What if an artist's fame actually eclipsed his contributions to art? What if his friendships with Picasso and Chanel or Piaf and Gide obscured the versatility of his creations? Such questions are at the center of the monumental retrospective of Jean Cocteau's work opening September 25 at the Pompidou Center in Paris.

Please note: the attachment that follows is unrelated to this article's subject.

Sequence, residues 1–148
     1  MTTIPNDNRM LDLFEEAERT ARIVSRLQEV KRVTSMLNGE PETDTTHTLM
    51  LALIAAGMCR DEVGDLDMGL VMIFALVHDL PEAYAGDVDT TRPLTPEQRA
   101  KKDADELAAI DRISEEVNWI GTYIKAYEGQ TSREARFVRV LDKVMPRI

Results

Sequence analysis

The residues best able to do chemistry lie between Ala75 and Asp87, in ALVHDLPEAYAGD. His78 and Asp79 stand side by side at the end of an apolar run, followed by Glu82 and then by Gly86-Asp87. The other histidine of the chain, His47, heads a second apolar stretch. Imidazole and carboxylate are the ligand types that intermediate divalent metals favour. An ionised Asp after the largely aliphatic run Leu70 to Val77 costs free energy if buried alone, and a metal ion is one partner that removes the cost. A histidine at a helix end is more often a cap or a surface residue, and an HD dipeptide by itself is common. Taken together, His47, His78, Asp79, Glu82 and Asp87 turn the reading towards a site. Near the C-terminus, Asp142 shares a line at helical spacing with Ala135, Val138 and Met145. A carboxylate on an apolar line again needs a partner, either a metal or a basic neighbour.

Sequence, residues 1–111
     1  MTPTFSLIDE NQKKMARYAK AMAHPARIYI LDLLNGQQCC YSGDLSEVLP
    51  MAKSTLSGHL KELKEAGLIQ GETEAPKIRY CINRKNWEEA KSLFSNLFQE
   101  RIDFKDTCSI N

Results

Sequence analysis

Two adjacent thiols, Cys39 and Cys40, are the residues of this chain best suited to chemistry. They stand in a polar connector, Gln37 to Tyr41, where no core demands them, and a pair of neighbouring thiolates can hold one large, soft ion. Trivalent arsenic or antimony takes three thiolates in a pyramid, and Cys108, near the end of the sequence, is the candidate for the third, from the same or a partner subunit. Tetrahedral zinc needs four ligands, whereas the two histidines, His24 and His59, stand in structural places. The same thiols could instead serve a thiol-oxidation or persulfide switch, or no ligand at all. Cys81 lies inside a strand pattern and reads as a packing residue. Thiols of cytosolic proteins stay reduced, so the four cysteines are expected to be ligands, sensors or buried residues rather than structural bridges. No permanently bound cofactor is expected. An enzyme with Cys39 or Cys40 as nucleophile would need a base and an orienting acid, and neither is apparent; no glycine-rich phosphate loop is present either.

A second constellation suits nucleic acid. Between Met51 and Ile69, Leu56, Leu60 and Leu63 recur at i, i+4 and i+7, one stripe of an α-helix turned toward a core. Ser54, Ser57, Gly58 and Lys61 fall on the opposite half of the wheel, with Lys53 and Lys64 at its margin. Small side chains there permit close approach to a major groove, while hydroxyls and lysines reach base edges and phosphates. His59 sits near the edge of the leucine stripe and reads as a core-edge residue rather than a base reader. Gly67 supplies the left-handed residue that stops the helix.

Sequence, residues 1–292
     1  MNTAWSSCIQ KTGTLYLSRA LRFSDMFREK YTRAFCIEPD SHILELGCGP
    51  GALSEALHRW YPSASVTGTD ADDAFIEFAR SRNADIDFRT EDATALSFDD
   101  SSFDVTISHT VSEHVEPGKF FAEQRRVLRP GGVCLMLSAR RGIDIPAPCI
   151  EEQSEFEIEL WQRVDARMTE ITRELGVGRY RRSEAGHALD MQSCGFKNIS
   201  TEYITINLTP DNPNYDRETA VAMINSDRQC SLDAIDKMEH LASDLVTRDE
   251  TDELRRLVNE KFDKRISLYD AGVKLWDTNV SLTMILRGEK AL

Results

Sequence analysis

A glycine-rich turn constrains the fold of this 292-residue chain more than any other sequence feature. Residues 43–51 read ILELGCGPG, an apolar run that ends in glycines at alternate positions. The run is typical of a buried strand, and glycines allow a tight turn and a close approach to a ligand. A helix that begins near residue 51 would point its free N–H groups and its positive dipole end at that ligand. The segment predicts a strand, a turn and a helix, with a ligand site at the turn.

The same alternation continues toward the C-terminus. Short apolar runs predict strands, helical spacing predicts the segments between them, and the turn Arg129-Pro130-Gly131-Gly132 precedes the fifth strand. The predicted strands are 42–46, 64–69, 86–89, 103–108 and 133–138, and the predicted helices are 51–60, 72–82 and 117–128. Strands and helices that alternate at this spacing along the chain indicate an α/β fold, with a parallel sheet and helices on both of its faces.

Poet, critic, filmmaker, and draftsman, Cocteau remains, 40 years after his death, a paradoxical figure of 20th-century art. At once modern and neoclassical, he is remembered as much for his witty, mondain persona (he did, after all, ask Chanel to design costumes for his Antigone) as for his fantastical creations. Through drawings, photographs, paintings, sculptures, and films—among the latter, the enchanting Beauty and the Beast and his allegorical masterpiece, Orpheus—the show gives justice to Cocteau's multifaceted career and limns his enduring influence. What better tribute to a man who, when told he moved in too many circles, replied, "It would be more accurate to say that everything moves me."